Creating and Sustaining Successful K–8 Magnet
September 2008
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Since the passage of the No Child Left Behind Act of 2001 (NCLB), families have more freedom than ever before to make decisions about how their children are educated. Thanks to a wide array of public school choice options, including charter and magnet schools, families can customize their children's learning, which is translating into improved academic achievement throughout the nation. In the classroom itself, individualized instruction can yield tremendous results for students.

Magnet schools in particular are excellent examples of how specialized programs can spark enthusiasm for learning and catalyze academic growth in students whose interests and aptitudes may not be fulfilled by their neighborhood schools. Magnets like the six elementary and middle schools profiled in this guide use themed instruction in such subjects as fine arts, leadership, and engineering to meet the needs of students from diverse backgrounds and interests.

For many years, magnet schools offered families the dominant form of public school choice in America, first appearing in the 1960s as a tool to increase racial desegregation and resolve educational inequities. It may not seem fitting to deem these schools "innovative" since they have been around for nearly 40 years. However, magnet schools have a new and expanded role under NCLB, and their power for systemic reform has yet to be fully realized.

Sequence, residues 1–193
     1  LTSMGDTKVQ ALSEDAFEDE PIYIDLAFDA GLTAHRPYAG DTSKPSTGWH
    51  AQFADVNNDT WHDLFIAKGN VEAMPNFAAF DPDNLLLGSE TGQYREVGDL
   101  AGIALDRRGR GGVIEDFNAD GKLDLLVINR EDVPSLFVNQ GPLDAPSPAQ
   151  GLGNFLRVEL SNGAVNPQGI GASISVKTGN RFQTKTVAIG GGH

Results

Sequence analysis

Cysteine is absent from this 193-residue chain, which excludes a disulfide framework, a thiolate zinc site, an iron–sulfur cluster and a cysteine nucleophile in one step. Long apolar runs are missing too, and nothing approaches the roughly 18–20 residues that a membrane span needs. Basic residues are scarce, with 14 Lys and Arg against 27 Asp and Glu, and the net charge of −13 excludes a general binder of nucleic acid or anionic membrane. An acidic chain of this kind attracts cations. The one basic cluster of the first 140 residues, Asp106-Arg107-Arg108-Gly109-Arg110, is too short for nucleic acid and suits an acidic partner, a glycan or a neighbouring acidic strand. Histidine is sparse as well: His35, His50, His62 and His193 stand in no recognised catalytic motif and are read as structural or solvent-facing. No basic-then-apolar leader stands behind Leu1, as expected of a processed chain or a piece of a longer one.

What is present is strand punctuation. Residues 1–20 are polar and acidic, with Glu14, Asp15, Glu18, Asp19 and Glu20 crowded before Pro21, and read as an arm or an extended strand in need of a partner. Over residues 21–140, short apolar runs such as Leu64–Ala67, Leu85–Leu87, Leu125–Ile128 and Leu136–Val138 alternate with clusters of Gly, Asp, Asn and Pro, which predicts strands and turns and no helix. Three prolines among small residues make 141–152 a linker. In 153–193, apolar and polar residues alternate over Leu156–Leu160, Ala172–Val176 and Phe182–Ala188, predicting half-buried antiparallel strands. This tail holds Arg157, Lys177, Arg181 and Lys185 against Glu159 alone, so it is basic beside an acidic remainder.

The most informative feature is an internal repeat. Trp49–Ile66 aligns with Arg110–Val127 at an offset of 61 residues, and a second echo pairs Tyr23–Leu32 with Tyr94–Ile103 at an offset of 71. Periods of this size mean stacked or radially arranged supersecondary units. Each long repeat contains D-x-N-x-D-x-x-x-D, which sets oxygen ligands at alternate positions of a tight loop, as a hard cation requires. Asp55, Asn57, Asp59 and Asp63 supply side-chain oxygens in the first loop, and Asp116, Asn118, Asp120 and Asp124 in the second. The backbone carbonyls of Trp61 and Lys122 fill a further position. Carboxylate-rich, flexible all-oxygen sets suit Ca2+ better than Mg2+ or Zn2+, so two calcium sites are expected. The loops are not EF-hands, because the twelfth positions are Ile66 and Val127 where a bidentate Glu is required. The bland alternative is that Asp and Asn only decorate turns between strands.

In addition to maintaining diverse student populations and advancing school choice, magnet schools are reversing declining district enrollments, turning around low student performance, and serving as laboratories for promising education practices. The schools highlighted in the following pages have achieved these goals despite such obstacles as budgetary constraints, the demoralizing effects of poverty, and children entering with skills far below grade level.

Uniting these schools is the belief that education can empower families and revitalize communities and that every student—regardless of race, income, or zip code—deserves to be challenged and can achieve. As one administrator at a profiled school asserts, "If you can dream it, you can build it."

This guide provides examples of promising strategies and case studies for district leaders and school staff interested in building and growing their own magnet schools. The schools profiled here have adopted continuous improvement plans based on data. As a result, their students' achievement has improved significantly.

This guide is one in a series of Innovations in Education publications produced by the U.S. Department of Education. I congratulate the schools highlighted here, and hope that educators and others can learn from their experiences.

Margaret Spellings
U.S. Secretary of Education

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Last Modified: 09/28/2009